The Tigers came to Lakeland this spring with six in-house candidates competing for the last spot in the starting rotation. Jacob Turner was probably the odds-on favorite to win the job, Duane Below was the safe pick, Drew Smyly was the sexy dark horse, and Andy Oliver, Adam Wilk and Casey Crosby were “in the mix”.
Three weeks later, we’ve received very little clarity on the situation in an official capacity, but it’s pretty easy to guess where things are headed. Only Casey Crosby has been declared out of the running – he’s was optioned to AAA Toledo a few days ago – but on-field performance helps us pretty much figure out the rest.
Adam Wilk has probably played himself out of the running. He’s been pounded in 9.2 innings of work, putting up an elevated 5.59 ERA and a 1.55 WHIP. He’s known as a control pitcher, and he’s been fine in that respect giving up just two walks, but he’s only struck out three batters, and he’s allowed two home runs (something he also struggled with in his brief time in the majors last year). He’s also a candidate for a long relief position, but he probably only has a chance there if Below makes the rotation – I don’t really see both in the bullpen – otherwise we’ll see Wilk starting in Toledo.no comments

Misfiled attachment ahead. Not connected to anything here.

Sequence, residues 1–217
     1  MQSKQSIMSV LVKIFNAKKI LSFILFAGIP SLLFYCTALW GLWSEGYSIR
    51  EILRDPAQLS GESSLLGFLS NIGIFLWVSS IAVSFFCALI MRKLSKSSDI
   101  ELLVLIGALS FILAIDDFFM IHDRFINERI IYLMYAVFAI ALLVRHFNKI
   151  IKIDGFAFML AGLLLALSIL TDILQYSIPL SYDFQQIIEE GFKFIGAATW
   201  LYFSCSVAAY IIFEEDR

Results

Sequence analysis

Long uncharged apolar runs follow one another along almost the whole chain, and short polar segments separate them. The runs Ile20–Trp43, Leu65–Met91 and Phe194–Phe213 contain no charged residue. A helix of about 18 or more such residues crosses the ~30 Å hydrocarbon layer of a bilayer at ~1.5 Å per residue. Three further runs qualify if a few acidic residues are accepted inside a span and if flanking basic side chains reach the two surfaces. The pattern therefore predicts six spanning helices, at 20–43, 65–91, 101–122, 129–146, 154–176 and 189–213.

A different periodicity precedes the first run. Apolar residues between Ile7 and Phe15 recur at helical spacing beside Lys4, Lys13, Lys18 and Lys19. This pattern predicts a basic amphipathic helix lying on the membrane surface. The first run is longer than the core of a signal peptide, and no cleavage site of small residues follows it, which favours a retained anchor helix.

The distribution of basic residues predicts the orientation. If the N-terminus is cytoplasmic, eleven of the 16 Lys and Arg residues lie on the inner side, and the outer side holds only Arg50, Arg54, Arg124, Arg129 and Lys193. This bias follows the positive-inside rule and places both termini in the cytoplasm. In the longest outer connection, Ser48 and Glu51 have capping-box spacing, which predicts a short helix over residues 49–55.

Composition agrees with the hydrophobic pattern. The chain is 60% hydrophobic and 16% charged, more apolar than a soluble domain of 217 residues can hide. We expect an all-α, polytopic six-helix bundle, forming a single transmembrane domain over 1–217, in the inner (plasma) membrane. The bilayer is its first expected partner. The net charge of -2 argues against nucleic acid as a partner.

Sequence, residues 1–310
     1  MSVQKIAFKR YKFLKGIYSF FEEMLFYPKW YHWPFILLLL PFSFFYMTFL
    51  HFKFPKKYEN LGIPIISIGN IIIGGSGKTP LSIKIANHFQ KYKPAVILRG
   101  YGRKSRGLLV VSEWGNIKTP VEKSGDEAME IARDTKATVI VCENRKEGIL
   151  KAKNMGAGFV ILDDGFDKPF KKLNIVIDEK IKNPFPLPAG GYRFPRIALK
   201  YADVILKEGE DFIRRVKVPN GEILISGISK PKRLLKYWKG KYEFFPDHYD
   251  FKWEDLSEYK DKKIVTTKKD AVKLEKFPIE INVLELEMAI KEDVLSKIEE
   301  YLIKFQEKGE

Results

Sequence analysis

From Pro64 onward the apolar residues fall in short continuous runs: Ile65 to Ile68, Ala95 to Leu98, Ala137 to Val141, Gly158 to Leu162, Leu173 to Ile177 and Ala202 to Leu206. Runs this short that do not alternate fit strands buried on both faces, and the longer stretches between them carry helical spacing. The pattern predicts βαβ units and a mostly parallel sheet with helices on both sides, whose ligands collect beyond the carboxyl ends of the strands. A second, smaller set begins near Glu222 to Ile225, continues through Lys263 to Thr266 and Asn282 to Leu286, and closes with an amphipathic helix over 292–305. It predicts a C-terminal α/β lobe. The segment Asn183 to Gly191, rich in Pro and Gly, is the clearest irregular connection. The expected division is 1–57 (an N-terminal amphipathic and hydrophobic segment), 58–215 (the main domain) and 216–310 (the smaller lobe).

The numbers for Brandon Inge this spring don’t appear to be all that great on the surface – a sub-.300 on-base percentage should impress no one – but he’s doing exactly what should be expected of him, and that’s produce against lefties.
We’re all well past the point of expecting Brandon to be a plus hitter. Even in his peak years (2004-2006), he was ‘only’ good for an OPS in the mid-to-upper .700’s. The numbers he’s put up this spring – .240/.296/.440 – would probably be on the extreme high end of what could be expected of him in a full season. They could probably pass for a full-time second baseman with average (to slightly above) fielding prowess, but it’s how he’s accumulated these numbers that show us why he shouldn’t be expected to replicate them as an everyday player.
Inge’s lefty-righty splits are currently pretty extreme. Versus righties this spring, he’s batted for a slash line of .154/.214/.231 (.445 OPS). Versus lefties, those numbers jump to .333/.385/.667 (1.051 OPS). The problem here, though, is that he’s had an even number of opportunities against each type of pitcher (14 PA’s versus right-handers, and 13 PA’s versus left-handers). An everyday player wouldn’t be afforded that luxury. Generally speaking, about 70-75% of starting pitchers are right-handed, so an everyday player would face in the neighborhood of 2.5 times as many righties as lefties.no comments